25/5/1916 The end of the Fokker scourge

At the start of the war, aircraft were used solely for observation. Over time though each side’s aeroplanes began to shoot at each other, trying to prevent aerial observation of their ground forces. On the Western Front the Germans gained an early advantage when they deployed the Fokker Eindecker. This monoplane had a machine-gun synchronised with the engine, meaning that it could fire directly forward through the propeller blades. This gave the Fokker a considerable advantage over British and French aircraft.

But now the Fokker’s dominance is coming to an end. The Allies have better aeroplanes deployed, ones that can successfully challenge the Eindecker. One is the British F.E. 2 is a “pusher”, with the engine at the rear. This allows a gunner to fire forward without having to worry about shooting off his own propeller blades. Pushers have limited performance compared to aeroplanes with propellers at the front, but the F.E. 2 is still able to give the Eindecker a run for its money. What really cooks the Fokker’s goose however is the French Nieuport 11. This has the engine at the front and gets around the propeller problem by having the gun mounted to fire over the blades. In speed and manoeuvrability it outclasses the Fokker Eindecker in all respects. The Nieuport is deployed in increasing numbers by both French and British air forces.
And now a new British aeroplane arrives on the Western Front, the Sopwith 1 1/2 Strutter. Like the Eindecker, this aeroplane has a forward firing gun synchronised with the engine to avoid shooting the propeller blades. This two-seater has a second gun firing from the rear cockpit.

The Eindecker’s ace card was its forward firing gun. Now that Allied planes have similar capabilities its limitations are revealed. Control of the skies begins to revert to the British and French.

image sources:

Fokker Eindecker (Wikipedia)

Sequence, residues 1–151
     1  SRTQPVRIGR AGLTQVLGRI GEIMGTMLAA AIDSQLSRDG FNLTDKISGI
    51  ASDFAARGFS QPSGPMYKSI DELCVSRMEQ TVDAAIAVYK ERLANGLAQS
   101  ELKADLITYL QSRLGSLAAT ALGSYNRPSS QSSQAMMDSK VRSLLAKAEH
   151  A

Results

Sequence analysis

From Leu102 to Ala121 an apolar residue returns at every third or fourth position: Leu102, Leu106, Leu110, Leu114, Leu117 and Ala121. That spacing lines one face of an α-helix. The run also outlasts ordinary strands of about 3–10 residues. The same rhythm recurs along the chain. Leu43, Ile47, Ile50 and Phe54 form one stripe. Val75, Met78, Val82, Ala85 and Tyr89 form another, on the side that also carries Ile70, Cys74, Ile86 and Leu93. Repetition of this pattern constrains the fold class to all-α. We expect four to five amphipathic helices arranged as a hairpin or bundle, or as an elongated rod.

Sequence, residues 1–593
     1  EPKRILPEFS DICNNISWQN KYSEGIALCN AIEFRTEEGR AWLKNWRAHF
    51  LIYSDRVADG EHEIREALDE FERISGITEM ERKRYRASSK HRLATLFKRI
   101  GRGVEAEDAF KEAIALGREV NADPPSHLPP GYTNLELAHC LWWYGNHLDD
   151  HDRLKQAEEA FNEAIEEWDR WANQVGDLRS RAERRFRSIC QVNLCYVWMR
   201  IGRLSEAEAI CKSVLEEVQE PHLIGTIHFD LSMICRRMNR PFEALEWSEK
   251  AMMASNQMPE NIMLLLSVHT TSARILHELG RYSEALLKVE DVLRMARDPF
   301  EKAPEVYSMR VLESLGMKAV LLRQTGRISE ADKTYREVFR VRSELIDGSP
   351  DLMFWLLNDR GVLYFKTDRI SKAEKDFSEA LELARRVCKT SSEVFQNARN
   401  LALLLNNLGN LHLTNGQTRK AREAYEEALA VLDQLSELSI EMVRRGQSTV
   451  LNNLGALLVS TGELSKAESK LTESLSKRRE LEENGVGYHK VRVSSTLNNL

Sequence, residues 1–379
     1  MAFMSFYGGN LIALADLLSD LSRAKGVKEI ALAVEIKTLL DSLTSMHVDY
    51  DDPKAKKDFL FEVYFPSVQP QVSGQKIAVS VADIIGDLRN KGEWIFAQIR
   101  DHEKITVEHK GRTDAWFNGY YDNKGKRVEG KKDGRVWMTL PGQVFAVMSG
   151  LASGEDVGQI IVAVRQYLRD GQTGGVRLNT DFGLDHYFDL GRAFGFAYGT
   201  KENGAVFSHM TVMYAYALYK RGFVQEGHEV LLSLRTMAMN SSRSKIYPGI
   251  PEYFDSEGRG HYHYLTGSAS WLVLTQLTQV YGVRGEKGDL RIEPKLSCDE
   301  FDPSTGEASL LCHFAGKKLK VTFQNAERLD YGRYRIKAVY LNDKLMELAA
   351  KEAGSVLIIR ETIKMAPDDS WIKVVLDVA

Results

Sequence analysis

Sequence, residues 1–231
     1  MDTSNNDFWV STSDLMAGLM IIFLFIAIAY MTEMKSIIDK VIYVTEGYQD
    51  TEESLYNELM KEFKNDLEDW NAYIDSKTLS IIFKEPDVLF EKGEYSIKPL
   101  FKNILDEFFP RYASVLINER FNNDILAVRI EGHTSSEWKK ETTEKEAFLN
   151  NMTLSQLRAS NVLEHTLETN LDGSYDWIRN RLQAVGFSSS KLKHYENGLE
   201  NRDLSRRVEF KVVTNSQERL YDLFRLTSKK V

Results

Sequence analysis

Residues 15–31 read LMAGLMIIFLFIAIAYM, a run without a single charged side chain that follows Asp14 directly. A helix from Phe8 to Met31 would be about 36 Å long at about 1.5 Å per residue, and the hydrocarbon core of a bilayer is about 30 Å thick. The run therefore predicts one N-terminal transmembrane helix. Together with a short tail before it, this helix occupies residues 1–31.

Repica Nieuport 11 (Old Rhinebeck Aerodrome)

Replica Sopwith 1 1/2 Strutter (Wikipedia)

See also airwar19141918, a live blog of the British war in the air.

3 thoughts on “25/5/1916 The end of the Fokker scourge

  1. Thanks Ian. Also worth a mention is of course the deHavilland DH2 which was also a pusher but as a single seater reasonably manoevrable and fast for the time. In fact the Fokker was considered to be a mediocre aircraft even at the time, it’s only real advantage being the ability to fire though the propellor.


  2. I have often read that the Eindecker was a pretty rubbish plane with one handy feature and the Fokker Scourge wasn’t all that, being largely talked up in retrospect by Noel Pemberton Billing, the eccentric Conservative MP, for political reasons.


  3. I think that is partially right. If the Fokker had been employed in a more concentrated way, as fighters were later, instead of piecemeal to various units they could have done more damage. It was a pretty terrible aircraft, and recognised as such by allied pilots.

    Cecil Lewis in Sattitarius Rising describes a test on a captured Fokker against a Morane N “Bullet”, in itself a pretty poor and difficult to fly aircraft, “it climbed quicker, was faster on the level, and when the machines began a mock fight over the aerodrome, the Morane had everything its own way. ” That said this did not happen until 10 April.

    The machinations of Bemberton-Billing and others no doubt did much to add to the drama around the situation. Again between October 1915, when the Fokker arrived in numbers, and May 1916, the British lost 127 aircraft, around 4 a week, so I guess this seemed like a lot at the time. Though this as much due to increased numbers of aircraft, more aggressive patrolling by the British, the the prevailing Westerlies which made life difficult for aeroplanes that could only do 80 miles an hour.


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